Hearing loss and balance are often taken for granted, but what if they were both taken away from you? Dealing with one health condition is stressful in itself, but when two occur at the same time, it can cause you to wonder if there is a connection. And if there is a connection, is there a solution? In this blog, Soren Nielsen, Director of Health & Hearing: Invisible Hearing Solutions, discusses the connection between hearing loss and balance, along with what you can do to achieve balance once again.
Although hearing loss alone doesn’t cause balance issues, there are a few situations in which balance can be adversely affected by hearing loss or changes within the inner ear.
Your eyes and ears work together
When understanding the connection between balance and hearing it is also important to be aware of the connection between your eyes and ears in terms of balance. Essentially, your eyes and ears work together to organise the environment around you. Together, these senses judge the distance between sight and sound (for example we can see lightning and count how far apart the strikes appear in the sky). Therefore if something is affecting your ear, your spacial awareness and balance could be off-kilter.
Hearing loss, the brain and balance
A study conducted by John Hopkins Medical Institution has prompted more research into the connection between the brain, hearing loss and balance. The study has shown you are more likely to experience falls and sensations of being off-balance if you have hearing loss. In fact, the study revealed a three-fold increase in fall incidents in people with mild hearing loss. Furthermore, the incident rate increased with every 10 decibels of hearing loss.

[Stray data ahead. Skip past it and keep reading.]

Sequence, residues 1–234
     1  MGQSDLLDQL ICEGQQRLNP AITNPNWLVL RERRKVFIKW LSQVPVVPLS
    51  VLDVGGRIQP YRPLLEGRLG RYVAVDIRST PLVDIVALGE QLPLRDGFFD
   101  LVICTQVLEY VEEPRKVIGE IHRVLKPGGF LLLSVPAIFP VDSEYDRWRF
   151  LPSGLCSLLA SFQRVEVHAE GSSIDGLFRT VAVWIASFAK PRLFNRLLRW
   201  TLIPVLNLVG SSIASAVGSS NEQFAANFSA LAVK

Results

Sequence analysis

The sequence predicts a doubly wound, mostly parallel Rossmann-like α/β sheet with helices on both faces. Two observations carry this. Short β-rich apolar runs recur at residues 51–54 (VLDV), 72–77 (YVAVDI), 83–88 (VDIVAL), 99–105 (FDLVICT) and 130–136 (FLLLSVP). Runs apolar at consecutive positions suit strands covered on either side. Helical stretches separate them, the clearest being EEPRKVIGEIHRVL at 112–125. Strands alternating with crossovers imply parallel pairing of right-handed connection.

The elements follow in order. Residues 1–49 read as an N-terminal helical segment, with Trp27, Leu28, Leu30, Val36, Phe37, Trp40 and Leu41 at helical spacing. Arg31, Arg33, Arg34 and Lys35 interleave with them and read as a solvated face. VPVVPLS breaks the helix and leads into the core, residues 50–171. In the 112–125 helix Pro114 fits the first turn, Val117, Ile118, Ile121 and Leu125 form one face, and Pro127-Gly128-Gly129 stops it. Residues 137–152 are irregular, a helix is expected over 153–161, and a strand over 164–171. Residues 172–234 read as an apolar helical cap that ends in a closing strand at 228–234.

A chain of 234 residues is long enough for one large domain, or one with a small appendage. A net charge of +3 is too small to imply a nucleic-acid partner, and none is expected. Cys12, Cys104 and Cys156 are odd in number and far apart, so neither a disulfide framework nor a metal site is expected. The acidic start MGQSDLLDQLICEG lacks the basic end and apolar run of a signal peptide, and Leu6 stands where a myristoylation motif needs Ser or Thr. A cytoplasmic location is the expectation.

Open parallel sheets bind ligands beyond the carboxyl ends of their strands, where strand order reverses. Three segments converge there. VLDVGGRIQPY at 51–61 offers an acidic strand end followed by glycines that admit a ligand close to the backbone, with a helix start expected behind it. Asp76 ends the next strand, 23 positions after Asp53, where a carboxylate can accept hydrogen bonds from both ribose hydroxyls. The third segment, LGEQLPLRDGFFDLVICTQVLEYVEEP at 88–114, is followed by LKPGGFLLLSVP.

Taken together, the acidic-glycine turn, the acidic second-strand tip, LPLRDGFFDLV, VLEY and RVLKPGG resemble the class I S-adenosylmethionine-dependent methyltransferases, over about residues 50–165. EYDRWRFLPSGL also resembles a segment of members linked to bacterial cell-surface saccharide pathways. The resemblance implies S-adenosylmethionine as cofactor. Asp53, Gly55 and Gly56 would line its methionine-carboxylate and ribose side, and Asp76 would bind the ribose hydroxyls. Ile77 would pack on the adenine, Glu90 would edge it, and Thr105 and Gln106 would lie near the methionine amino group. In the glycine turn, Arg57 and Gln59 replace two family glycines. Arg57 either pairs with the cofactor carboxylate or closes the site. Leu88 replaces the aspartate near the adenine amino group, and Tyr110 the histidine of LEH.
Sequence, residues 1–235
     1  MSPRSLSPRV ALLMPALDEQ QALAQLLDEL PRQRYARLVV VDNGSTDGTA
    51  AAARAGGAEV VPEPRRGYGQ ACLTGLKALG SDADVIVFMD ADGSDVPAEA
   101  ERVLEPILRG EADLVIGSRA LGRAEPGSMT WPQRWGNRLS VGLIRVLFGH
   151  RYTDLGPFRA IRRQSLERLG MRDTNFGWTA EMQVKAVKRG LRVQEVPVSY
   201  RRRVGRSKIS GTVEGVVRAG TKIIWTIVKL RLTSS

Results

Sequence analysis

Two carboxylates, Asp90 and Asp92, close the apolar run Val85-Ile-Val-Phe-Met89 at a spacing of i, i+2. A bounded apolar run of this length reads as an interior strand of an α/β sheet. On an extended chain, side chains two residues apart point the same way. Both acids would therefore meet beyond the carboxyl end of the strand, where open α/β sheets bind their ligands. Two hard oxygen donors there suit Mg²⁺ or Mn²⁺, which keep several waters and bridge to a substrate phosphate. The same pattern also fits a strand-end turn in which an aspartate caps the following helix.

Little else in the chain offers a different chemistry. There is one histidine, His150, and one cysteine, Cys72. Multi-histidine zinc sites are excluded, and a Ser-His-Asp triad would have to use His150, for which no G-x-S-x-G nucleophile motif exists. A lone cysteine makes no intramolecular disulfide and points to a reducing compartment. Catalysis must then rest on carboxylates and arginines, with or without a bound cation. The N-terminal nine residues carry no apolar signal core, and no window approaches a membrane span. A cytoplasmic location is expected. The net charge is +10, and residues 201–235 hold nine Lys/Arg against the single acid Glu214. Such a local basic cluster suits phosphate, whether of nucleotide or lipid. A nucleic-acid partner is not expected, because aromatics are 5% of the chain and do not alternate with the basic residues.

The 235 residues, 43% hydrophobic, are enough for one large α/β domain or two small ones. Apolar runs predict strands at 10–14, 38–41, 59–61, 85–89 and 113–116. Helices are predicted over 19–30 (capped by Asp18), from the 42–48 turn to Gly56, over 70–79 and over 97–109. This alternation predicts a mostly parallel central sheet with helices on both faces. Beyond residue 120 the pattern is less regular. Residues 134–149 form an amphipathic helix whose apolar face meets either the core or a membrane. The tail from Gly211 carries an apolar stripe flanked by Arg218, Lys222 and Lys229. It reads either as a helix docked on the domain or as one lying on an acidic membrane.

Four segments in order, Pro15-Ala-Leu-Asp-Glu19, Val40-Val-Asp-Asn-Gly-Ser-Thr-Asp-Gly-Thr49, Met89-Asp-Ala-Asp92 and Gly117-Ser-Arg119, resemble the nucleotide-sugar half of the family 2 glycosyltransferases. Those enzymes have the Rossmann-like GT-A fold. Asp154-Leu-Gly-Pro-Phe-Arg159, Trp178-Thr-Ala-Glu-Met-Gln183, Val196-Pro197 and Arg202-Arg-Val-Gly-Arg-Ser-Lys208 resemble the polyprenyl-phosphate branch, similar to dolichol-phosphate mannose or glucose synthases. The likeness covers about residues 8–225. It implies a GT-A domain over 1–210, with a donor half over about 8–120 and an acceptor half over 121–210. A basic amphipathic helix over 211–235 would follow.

After drawing these results, researchers came to a variety of conclusions about why hearing loss was linked to loss of balance. Primarily, researchers explained that people with hearing loss are less aware of the environment, increasing their likeliness of being off-balance and therefore increasing their disposition to tripping.
Researchers also speculated that people with hearing loss experienced a cognitive overload. Meaning, hearing loss caused an increased need for the brain to work harder to hear. This demand in turn, lead to a decrease in comprehensive awareness forcing the brain to let one function slip, which in most cases was balance.
Fortunately, with the addition of hearing aids, the brain can focus less on trying to hear and more on understanding the surrounding environment. This means if you are experiencing balance issues and hearing loss, a hearing aid may allow you to achieve better overall balance.
Similarly, if you are unsure if you have hearing issues, but your lack of balance concerns you, it may be time to get a hearing check. To gain insights on your hearing you can try Health & Hearing’s very own online hearing quiz.